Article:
Resistance Is Futile
"Travis? He's out by the pool." An Uber employee who smells like sunblock greets me as I enter the front door to the Miami beach bungalow the company is renting. She bounds upstairs as I meander toward the back of the house, poking my head into various rooms. There are signs of the dozen recent college grads stationed here: a bedding pile crumpled on a couch; a jumble of high heels in the foyer.
Three Cadillac Escalades are parked out front. Out back are parked four Uber employees and their MacBooks, on benches and chaises around the pool. It's T-minus two hours to the first Miami supersecret cocktail hour, a recruiting party for which planning began 48 hours earlier, and Travis Kalanick, the CEO of Uber, is calm.
He has been in meetings all morning, but now he's in a T-shirt and sandals, just catching up on email and joking around. He asks me if I'm familiar with the words jamazing and ledonk and treats me to the UrbanDictionary.com definitions of each--the latter of which he boasts of having coined.
When an employee whispers to Kalanick that an email promoting the party may have been sent out to the company's "all-Miami" list, the mood suddenly tenses.
"No, no, no, no, no," Kalanick says. "What part of 'this is not public' do you not understand?"
I excuse myself and duck back inside the house. Two lanky managers in Uber-logoed sleeveless T-shirts are hunched over the dining-room table, where they are instructing two brawny older men in black suits.
Uber is the extremely fast-growing company behind an app that lets city dwellers hail taxis, sedans, and SUVs--like the ones parked out front. The company, which was co-founded by Kalanick just four years ago, is doubling its revenue every four months, has hired 225 people in the past year, and now operates in 35 cities.
This group of Uber employees flew into Miami for 10 days in part for a work retreat, and in part to act as a kind of advance squad, whose duties include networking with hospitality workers, scouting venues, and recruiting Miami Uber drivers.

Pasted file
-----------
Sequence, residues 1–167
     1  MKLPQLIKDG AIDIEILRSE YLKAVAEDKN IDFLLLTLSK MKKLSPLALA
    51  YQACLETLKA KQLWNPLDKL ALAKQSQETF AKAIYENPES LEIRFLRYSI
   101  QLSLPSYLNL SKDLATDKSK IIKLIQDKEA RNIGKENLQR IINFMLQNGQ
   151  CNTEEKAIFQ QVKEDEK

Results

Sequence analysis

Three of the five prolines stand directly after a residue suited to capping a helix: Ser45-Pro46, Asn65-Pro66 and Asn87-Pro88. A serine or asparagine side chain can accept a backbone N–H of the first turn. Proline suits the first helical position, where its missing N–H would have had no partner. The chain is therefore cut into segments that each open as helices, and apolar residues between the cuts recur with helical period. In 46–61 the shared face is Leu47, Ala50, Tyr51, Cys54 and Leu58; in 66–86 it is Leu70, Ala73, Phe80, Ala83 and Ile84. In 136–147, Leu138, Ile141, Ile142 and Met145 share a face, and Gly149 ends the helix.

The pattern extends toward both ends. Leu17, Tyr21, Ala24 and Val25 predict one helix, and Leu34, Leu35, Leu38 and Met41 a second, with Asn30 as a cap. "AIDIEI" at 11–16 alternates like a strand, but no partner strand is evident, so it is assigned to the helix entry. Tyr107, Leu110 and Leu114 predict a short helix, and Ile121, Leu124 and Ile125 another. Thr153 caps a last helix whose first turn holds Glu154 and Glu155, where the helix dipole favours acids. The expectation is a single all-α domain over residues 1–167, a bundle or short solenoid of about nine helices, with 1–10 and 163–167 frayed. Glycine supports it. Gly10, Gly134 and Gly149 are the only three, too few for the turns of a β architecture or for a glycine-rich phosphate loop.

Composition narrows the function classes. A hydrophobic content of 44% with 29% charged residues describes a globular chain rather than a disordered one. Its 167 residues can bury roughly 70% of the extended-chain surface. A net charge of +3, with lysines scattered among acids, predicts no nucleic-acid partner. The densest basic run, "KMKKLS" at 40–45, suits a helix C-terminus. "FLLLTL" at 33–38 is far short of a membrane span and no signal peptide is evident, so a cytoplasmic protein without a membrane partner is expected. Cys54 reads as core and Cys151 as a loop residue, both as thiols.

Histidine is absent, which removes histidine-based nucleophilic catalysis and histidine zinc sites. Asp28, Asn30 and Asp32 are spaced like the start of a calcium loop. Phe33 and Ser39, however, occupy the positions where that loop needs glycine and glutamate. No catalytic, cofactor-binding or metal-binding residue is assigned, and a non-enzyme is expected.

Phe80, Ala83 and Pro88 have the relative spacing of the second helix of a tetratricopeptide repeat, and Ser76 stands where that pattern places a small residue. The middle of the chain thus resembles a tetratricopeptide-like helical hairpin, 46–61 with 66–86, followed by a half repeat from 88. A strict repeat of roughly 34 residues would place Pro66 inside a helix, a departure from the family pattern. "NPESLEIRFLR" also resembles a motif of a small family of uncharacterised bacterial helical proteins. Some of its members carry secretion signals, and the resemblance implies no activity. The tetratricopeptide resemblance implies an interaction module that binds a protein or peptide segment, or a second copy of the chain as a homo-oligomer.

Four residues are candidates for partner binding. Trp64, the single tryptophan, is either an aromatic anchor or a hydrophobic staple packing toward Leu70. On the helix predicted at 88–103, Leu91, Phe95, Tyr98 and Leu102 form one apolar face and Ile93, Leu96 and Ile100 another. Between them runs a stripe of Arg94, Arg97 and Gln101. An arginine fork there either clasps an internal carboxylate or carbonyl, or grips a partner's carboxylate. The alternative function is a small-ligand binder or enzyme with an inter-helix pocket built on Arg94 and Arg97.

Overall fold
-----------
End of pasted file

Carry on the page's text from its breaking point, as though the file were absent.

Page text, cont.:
Keith Radford, who in a normal week is the general manager for Uber's operations in Atlanta, is explaining to a potential driver that touching a button on the driver's iPhone labeled Arriving Now will alert his passenger, who has hailed him through the Uber app on her phone. Three minutes later, if the passenger hasn't hopped in, the driver should phone her. After 17 more minutes, he's to call again if she hasn't shown--and then cancel the ride.
"Wow," says the driver, Baldwin Clarke, a longtime private driver in Miami and owner of one of the shiny vehicles out front. "Sometimes, I sit for hours. One time, I sat for 15 hours, no kidding. You guys don't mess around."
Radford, Kalanick, and I climb into the Escalade of another potential driver and head toward downtown for the party. "If we were operating, this could be considered the first Uber ride in Miami history," Kalanick says, squinting out over the Atlantic Ocean.
That's if Uber were operating in Miami. But we are just taking a test drive on this January night, and all the drivers shuttling passengers to the Uber party this evening are being paid hourly by Uber to try out the app. Using it to find fares, and accepting payment for a ride through it, would be illegal. Kalanick is here to change that.
In most major U.S. cities, and many around the world, there's an alternative to standing on a street corner flailing an arm for a taxi. Typically, this is phoning a local car service--or, within the past couple of years, opening an app on your phone. Open the Uber app, which was the first car-service app available in most U.S. cities, and you'll see a map of your location, replete with nearby vehicles for hire and their estimated times of arrival.
One can usually reach you in five minutes, and the ride will carry a minimum cost of about $7. But you can't do this in South Florida. Regulations in Miami-Dade County dictate that a car-service or limo ride must be booked at least 60 minutes before the ride begins and cost at least $80. Unless the Miami-Dade County Commission changes the law, Uber is locked out of a multihundred-million-dollar market.
As it expands, Uber often meets legal complications--cease-and-desist orders, court injunctions, the impounding of cars. Uber is no stranger to complaints from public utilities commissions, from city councils, and from taxi and limousine commissions, all of which have constituents clamoring for protection from the likes of Uber.
It used to be if a scrappy company tried to take on a local government, it might not have the heft to win. Uber, with $50 million in venture capital backing and a growth rate that rivals those of Google and Amazon in their early years, definitely has heft.